Under the Sea
Researchers from Microsoft are testing a prototype of a self-contained data center that is capable of running and operating hundreds of feet under the sea.
The move could prove to be a solution to one of the most common problems that computer servers face today—overheating, which then causes the servers to crash. It could also potentially address another growing concern that stems from the rising energy demand of computing technology, as Microsoft looks into pairing the system with turbines or tidal energy to generate the electricity needed.
The project has been code-named Project Natick and could see the construction of fiber optic cables on the sea floor. Other possible systems could see suspended containers under the sea to capture ocean current with turbines in order to generate electricity.
“When I first heard about this I thought, ‘Water ... electricity, why would you do that?’ ” said Ben Cutler, a Microsoft computer designer and engineer working on the Project Natick system. “But as you think more about it, it actually makes a lot of sense.”
The underwater data center could face a lot of challenges, including environmental concerns and unforseen technical issues that, given its location, would make it very difficult to address quickly.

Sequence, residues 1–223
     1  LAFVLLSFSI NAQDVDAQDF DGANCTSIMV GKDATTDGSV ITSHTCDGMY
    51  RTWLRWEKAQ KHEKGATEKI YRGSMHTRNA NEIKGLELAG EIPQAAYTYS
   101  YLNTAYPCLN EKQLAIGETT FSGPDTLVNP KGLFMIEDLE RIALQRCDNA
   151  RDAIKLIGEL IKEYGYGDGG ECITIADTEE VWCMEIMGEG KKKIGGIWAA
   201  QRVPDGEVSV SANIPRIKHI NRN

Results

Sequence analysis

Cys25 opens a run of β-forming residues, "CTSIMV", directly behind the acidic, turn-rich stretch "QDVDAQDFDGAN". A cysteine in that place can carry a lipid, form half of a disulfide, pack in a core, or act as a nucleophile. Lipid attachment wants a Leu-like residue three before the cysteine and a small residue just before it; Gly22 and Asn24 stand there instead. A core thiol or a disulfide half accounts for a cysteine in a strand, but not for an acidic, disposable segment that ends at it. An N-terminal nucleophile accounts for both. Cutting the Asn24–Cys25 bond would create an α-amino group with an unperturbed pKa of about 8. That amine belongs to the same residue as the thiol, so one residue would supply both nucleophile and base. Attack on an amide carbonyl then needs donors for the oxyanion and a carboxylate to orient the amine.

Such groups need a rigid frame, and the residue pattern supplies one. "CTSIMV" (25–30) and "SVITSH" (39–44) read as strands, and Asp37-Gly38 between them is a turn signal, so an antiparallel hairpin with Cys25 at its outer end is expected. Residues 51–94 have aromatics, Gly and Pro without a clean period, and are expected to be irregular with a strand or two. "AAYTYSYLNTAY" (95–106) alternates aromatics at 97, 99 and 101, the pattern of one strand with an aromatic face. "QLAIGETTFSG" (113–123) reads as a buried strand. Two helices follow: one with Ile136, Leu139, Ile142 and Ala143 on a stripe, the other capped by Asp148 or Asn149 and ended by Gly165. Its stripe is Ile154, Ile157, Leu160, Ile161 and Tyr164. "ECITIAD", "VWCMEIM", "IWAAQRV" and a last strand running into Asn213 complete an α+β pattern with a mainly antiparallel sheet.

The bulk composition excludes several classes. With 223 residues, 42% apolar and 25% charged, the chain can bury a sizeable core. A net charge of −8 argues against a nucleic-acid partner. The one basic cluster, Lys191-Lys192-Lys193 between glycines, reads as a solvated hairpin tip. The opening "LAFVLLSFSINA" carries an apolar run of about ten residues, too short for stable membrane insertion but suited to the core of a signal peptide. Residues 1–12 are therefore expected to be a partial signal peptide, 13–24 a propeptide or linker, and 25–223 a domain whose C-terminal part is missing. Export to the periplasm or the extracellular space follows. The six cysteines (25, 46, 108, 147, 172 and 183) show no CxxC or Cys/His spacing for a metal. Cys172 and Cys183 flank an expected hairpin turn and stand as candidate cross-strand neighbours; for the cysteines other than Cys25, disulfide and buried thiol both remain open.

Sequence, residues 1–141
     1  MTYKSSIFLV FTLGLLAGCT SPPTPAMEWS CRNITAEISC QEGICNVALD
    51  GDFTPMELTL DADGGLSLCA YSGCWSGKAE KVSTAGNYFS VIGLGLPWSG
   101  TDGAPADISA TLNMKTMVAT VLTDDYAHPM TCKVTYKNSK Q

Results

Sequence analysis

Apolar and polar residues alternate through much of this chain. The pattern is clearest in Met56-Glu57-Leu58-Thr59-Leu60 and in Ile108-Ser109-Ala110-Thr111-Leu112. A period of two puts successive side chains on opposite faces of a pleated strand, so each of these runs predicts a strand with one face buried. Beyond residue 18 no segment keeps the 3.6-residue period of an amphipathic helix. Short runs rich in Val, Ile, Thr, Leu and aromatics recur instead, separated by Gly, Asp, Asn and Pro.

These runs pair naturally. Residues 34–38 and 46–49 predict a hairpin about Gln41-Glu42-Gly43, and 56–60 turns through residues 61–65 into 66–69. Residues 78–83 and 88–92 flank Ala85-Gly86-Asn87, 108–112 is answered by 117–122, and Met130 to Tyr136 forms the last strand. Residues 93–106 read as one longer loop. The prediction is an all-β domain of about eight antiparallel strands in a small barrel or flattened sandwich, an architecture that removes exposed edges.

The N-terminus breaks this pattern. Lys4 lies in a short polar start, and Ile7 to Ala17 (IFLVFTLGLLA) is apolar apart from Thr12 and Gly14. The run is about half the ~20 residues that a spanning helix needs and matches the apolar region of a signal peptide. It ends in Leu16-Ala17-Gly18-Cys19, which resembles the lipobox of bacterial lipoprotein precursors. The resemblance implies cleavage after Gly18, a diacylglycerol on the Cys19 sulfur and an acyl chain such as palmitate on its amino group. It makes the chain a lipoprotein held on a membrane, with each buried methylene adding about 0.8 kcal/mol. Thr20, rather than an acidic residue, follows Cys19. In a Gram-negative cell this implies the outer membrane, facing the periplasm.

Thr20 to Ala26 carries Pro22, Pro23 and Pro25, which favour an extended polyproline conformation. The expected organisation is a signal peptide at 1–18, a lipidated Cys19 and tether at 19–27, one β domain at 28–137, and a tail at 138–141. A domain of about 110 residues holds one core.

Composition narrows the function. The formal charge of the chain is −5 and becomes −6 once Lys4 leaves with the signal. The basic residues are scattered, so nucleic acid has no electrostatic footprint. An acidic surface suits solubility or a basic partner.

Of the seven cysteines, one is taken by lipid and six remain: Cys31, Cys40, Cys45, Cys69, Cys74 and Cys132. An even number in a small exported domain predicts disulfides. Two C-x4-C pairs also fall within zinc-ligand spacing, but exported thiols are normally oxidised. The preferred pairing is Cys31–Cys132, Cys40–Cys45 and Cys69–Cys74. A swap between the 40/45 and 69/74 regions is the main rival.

But Microsoft believes that this radical move could shorten deployment time of new data centers from two years to 90 days, offer a huge cost advantage, and help make web services run faster by having the ability to place computing resources near users instead of geographically out-of-the-way locations.
To monitor and prevent hardware failures and leaks, the system, which recently completed a 105-day trial under 30 feet of water in the Pacific Ocean, was outfitted with a hundred sensors designed to measure pressure, humidity, motion and other conditions.
The prototype steel capsule proved to be a success and and has since been returned to Microsoft's corporate campus.
Currently, the research group is busy designing another system that will be larger with longer trials expected to begin by next year.
But soon, underwater computing may kind of be a reality.